17. Yiuman Tse, 1999. "Market microstructure of FT‐SE 100 index futures: An intraday empirical analysis," Journal of Futures Markets, John Wiley & Sons, Ltd., vol. 19(1), pages 31-58, February.
    Full references (including those not matched with items on IDEAS)


    Citations are extracted by the CitEc Project, subscribe to its RSS feed for this item.

    Cited by:

    1. Canto, Bea & Kräussl, Roman, 2007. "Electronic trading systems and intraday non-linear dynamics: An examination of the FTSE 100 cash and futures returns," CFS Working Paper Series 2007/20, Center for Financial Studies (CFS).
    2. Taylor, Nicholas, 2004. "Trading intensity, volatility, and arbitrage activity," Journal of Banking & Finance, Elsevier, vol. 28(5), pages 1137-1162, May.
    3. Michael Graham & Jarno Kiviaho & Jussi Nikkinen, 2013. "Short-term and long-term dependencies of the S&P 500 index and commodity prices," Quantitative Finance, Taylor & Francis Journals, vol. 13(4), pages 583-592, March.

    More about this item


    Access and download statistics


    All material on this site has been provided by the respective publishers and authors. You can help correct errors and omissions. When requesting a correction, please mention this item's handle: RePEc:bpj:sndecm:v:5:y:2001:i:2:n:3. See general information about how to correct material in RePEc.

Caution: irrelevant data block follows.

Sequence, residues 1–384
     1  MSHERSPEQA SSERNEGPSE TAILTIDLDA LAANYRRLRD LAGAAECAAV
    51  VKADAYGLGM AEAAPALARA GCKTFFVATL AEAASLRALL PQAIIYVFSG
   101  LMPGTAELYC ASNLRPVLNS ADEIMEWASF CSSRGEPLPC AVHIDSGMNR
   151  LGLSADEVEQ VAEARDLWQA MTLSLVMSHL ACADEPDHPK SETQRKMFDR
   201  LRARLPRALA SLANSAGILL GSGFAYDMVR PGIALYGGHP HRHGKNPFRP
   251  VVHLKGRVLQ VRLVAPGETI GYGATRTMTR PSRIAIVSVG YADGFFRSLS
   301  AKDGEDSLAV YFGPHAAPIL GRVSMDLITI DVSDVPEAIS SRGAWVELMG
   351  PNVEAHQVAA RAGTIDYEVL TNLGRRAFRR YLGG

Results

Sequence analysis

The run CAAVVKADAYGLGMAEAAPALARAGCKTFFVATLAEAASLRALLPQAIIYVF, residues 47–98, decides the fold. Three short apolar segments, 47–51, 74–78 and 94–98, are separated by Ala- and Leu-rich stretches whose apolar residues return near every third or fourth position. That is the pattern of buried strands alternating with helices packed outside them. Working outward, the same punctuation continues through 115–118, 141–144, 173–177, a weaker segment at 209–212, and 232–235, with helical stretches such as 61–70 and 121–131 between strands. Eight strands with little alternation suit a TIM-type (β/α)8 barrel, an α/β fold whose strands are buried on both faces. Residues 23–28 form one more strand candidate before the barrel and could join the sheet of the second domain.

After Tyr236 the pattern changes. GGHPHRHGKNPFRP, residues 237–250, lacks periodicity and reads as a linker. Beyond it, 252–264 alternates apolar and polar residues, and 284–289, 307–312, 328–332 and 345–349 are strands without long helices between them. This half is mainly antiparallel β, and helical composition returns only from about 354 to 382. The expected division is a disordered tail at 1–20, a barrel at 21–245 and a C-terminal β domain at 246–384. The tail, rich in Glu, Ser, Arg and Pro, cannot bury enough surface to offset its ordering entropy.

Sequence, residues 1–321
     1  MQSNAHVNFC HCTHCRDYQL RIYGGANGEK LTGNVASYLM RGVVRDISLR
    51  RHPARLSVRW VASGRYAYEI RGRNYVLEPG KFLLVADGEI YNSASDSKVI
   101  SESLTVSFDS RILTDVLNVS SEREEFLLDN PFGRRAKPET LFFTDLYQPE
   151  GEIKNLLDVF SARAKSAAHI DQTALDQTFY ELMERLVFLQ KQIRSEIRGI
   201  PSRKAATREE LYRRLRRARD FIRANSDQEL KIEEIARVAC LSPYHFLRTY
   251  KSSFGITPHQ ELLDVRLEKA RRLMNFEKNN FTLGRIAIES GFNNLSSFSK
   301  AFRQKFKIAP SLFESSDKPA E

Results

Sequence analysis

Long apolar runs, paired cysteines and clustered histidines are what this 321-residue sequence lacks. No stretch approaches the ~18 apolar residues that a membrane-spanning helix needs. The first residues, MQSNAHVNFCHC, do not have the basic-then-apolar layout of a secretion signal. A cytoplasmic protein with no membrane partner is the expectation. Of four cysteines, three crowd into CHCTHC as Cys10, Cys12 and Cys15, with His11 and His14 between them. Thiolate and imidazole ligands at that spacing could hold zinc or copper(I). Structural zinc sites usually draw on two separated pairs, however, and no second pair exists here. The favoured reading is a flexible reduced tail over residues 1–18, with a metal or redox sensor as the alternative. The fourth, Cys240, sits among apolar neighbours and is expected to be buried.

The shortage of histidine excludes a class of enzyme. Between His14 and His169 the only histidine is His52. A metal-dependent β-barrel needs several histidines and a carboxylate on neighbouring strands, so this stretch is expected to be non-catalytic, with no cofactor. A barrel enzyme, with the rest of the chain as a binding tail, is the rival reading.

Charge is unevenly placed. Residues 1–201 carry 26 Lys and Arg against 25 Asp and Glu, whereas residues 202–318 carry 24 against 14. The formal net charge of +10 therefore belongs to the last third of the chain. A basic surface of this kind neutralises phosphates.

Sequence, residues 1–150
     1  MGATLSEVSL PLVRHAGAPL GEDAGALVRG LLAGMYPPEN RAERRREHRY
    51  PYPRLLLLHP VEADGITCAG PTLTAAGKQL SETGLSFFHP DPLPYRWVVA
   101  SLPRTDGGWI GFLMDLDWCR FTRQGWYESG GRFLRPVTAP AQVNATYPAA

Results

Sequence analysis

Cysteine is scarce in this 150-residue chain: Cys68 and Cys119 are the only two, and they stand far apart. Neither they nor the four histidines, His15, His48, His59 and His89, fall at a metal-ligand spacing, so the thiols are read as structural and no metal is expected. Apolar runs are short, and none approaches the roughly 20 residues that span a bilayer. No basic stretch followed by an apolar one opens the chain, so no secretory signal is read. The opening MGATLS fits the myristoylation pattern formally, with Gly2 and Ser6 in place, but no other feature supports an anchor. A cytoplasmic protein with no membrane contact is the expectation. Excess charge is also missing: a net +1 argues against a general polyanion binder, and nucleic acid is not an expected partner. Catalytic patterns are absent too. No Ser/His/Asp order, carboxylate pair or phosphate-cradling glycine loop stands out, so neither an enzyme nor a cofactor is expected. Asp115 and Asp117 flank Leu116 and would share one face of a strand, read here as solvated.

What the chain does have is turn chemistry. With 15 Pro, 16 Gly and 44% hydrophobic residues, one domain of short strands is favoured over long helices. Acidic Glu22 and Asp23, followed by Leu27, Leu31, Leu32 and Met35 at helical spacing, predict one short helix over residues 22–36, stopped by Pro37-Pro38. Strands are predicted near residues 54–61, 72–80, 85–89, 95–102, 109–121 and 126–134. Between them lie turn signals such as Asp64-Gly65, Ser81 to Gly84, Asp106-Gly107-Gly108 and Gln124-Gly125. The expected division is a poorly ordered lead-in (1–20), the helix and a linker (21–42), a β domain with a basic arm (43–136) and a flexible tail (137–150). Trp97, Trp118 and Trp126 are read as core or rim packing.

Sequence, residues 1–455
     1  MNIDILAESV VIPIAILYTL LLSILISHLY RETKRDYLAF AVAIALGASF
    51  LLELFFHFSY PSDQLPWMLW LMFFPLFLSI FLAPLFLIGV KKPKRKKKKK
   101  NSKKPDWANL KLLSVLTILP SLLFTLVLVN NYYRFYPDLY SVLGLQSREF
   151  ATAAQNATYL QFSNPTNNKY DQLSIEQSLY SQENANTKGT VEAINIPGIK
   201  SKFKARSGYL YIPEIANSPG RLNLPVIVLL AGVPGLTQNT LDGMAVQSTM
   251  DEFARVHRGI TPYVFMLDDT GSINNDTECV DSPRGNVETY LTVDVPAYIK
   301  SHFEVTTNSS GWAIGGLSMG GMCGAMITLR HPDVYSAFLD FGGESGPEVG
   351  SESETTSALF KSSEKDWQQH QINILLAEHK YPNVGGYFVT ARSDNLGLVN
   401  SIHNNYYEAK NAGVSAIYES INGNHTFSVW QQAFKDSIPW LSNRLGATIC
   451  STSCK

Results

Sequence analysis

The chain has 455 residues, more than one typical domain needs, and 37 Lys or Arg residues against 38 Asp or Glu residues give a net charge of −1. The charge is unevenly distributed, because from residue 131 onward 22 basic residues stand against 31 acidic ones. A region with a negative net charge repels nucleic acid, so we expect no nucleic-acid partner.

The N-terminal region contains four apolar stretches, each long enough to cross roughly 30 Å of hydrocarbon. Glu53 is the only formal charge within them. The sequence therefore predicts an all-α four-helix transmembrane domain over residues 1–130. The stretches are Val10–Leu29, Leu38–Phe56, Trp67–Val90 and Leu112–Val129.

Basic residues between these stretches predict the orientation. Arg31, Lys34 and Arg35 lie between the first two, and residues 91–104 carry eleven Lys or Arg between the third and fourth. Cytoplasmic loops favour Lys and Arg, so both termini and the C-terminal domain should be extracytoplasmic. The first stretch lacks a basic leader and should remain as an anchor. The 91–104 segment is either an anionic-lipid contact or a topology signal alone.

For technical questions regarding this item, or to correct its authors, title, abstract, bibliographic or download information, contact: (Peter Golla). General contact details of provider: .

    If you have authored this item and are not yet registered with RePEc, we encourage you to do it here. This allows to link your profile to this item. It also allows you to accept potential citations to this item that we are uncertain about.

    If CitEc recognized a reference but did not link an item in RePEc to it, you can help with this form .

    If you know of missing items citing this one, you can help us creating those links by adding the relevant references in the same way as above, for each refering item. If you are a registered author of this item, you may also want to check the "citations" tab in your RePEc Author Service profile, as there may be some citations waiting for confirmation.

    Please note that corrections may take a couple of weeks to filter through the various RePEc services.

    IDEAS is a RePEc service hosted by the Research Division of the Federal Reserve Bank of St. Louis . RePEc uses bibliographic data supplied by the respective publishers.